Pakistan-born politician Mehreen Saeed Faruqi, a Greens MP, said her Muslim constituents had not reported a spike in racism. But Jeremy Jones of the Australia/Israel and Jewish Affairs Council, who once led a successful court case against a One Nation newspaper over an anti-Semitic article about Jewish bankers, says a spike in racism is inevitable.
“I have documented and analysed anti-Semitism in Australia for 30 years, and the results clearly show that whenever public figures like Pauline Hanson have made disparaging racist comments about Aboriginals, Asian, African or Arab immigrants, there has been a corresponding increase in attacks against Jewish people and other minorities. It didn’t matter which particular minority is targeted – the floodgates of bigotry are opened.”
Prime Minister Malcolm Turnbull has also voiced his thoughts during a press conference early this June. “Pauline Hanson is, as far as we are concerned, not a welcome presence on the Australian political scene.”
But, for some, the condemnation and press scrutiny only add to Hanson’s appeal. According to One Nation national secretary, Saraya Beric, since Turnbull’s comment, the senator-elect’s Facebook page has received 10,000 new likes a week.
Hanson has now put the media on notice, saying that unless they stop using her as a “punching bag” she’ll stop talking to reporters and use citizen journalism app Newzulu instead. “It might be another way to go, then you won’t need media at all,” Hanson said.
‘Not that kind of backwater racist’
Speaking at a press conference last week, Australia’s former prime minister, John Howard, warned pundits not to so easily discount Hanson this time around.
“I didn’t agree with her when she said we were being flooded by Asians because we weren’t. But I did understand she was articulating the concerns of people who felt left out, and I was critical of people who branded everybody who supported her as a racist,” Howard said.
While some of her supporters say the anti-Muslim policy line appeals the most to them, others see themselves as being closer to the centre of the political spectrum.
“She appeals to Australians who don’t want immigrants taking their jobs, pressuring social change, influencing their ways of life, and so on,” said supporter Antsy Lucas.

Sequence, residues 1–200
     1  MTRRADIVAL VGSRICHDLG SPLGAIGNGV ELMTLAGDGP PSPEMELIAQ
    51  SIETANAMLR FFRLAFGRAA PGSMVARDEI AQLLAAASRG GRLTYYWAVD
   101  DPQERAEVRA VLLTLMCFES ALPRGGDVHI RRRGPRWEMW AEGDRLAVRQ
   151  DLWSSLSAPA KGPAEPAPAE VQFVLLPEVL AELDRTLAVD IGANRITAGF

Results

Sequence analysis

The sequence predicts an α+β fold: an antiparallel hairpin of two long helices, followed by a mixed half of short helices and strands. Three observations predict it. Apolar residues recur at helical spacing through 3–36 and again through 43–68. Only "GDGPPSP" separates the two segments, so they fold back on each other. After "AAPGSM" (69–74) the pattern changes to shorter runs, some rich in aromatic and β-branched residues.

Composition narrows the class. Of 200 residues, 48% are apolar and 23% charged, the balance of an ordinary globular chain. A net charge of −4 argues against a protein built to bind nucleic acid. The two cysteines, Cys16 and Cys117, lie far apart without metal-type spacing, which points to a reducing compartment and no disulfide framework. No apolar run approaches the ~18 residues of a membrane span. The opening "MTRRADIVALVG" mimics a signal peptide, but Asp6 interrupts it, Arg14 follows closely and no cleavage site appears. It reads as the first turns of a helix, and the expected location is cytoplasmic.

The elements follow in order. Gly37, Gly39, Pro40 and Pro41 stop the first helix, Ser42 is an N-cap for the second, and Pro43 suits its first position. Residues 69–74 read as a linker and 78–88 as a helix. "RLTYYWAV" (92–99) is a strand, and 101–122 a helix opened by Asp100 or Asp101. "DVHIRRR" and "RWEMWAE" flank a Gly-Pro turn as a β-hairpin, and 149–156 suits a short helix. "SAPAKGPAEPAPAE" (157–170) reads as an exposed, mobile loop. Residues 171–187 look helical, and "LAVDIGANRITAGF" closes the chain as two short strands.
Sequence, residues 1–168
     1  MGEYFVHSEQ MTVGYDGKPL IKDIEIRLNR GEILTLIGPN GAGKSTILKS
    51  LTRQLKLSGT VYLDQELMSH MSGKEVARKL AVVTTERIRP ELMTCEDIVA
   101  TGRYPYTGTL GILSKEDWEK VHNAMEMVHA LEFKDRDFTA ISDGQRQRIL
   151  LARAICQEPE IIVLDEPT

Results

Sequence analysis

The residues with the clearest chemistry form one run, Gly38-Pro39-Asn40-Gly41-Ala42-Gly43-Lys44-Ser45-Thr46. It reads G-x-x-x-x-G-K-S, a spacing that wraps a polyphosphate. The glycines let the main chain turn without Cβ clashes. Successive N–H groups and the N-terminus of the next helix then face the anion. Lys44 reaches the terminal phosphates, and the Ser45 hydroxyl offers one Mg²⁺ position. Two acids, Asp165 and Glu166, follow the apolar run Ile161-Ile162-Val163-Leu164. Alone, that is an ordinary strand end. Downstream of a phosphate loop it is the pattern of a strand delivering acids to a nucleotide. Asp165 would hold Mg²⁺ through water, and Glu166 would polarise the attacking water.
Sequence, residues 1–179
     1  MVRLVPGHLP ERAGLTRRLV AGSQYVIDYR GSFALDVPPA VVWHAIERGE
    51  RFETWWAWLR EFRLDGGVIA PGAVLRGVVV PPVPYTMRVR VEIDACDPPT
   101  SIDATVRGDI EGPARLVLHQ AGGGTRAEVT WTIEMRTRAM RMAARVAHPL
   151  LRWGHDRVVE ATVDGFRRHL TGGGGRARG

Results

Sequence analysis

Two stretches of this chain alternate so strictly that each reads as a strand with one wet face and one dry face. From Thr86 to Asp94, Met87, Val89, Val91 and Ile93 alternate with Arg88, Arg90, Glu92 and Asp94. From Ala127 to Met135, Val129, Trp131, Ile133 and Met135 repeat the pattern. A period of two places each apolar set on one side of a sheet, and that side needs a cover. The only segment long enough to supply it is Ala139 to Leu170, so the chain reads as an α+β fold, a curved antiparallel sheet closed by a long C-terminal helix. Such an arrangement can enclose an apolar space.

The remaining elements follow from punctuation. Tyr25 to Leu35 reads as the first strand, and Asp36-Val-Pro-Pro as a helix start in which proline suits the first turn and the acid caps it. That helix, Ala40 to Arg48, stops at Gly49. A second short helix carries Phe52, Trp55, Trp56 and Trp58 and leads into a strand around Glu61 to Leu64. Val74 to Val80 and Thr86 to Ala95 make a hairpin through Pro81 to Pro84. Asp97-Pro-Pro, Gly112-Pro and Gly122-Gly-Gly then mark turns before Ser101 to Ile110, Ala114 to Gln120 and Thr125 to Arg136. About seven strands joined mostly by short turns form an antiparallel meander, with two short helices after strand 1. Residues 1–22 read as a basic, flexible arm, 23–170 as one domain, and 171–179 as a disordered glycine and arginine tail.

“I don’t think her voter base would be lynching Asians on a farm somewhere, not that kind of backwater racist. But most of them are just fed up with seeing the Australian image diminish and their assets being sold to foreigners,” Lucas added.
Zareh Ghazarian, a political scientist at Monash University, attempted to shed some light on the changing face of the typical Hanson voter. “The same kinds of anti-establishment things [Donald] Trump is saying, Pauline Hanson has been saying for years.”
There is a sense among some sectors of the population, he explained, that Australia is losing its economic prowess.
“The irony,” he added, “is there has been no apparent decline in Australia’s economic prosperity even though the perception still exists. The closure of auto manufacturers, land sales to Chinese investors – Hanson uses those sort of things to construct a narrative that says the country is at the mercy of decisions by big corporations.”
Potential economic fallout
Hanson’s One Nation Party has only one confirmed seat in the senate but is on track to win two or three more out of a total of 76 seats. It remains to be seen what this will mean in the halls of power.
Chris Salisbury, an expert on electoral history from the University of Queensland, said: “One Nation will probably have some role-playing in touchstone issues like foreign investment.”
Ghazarian agrees that the party will only have “a very marginal impact.
“But from time to time there may be some overlap in what they want and the Nationals want,” he said, referring to the ruling Liberal Party’s junior rural partner, “for example, greater support for farming and manufacturing.”
If there’s one person who might be able to read Hanson’s future, it’s political commentator Margo Kingston. Her 2001 book on One Nation’s ill-fated 1998 electoral campaign, Off the Rails, remains the seminal introspective into the Hanson phenomenon.
“I think Hanson will have a huge impact on how Islam is discussed in Australia,” Kingston said. “Right now these matters are not discussed, or only discussed by the far-right. But now it’ll go mainstream.”
The only way to stop these discussions from morphing into a groundswell of Islamophobia, Kingston argues, is rational debate.
“If the media and politicians genuinely attempt to bring her into the conversation, engage with her, disagree with her, then the threat can be maintained,” she said. “But if they handle her like last time, without respect, support for One Nation in Australia will only increase.”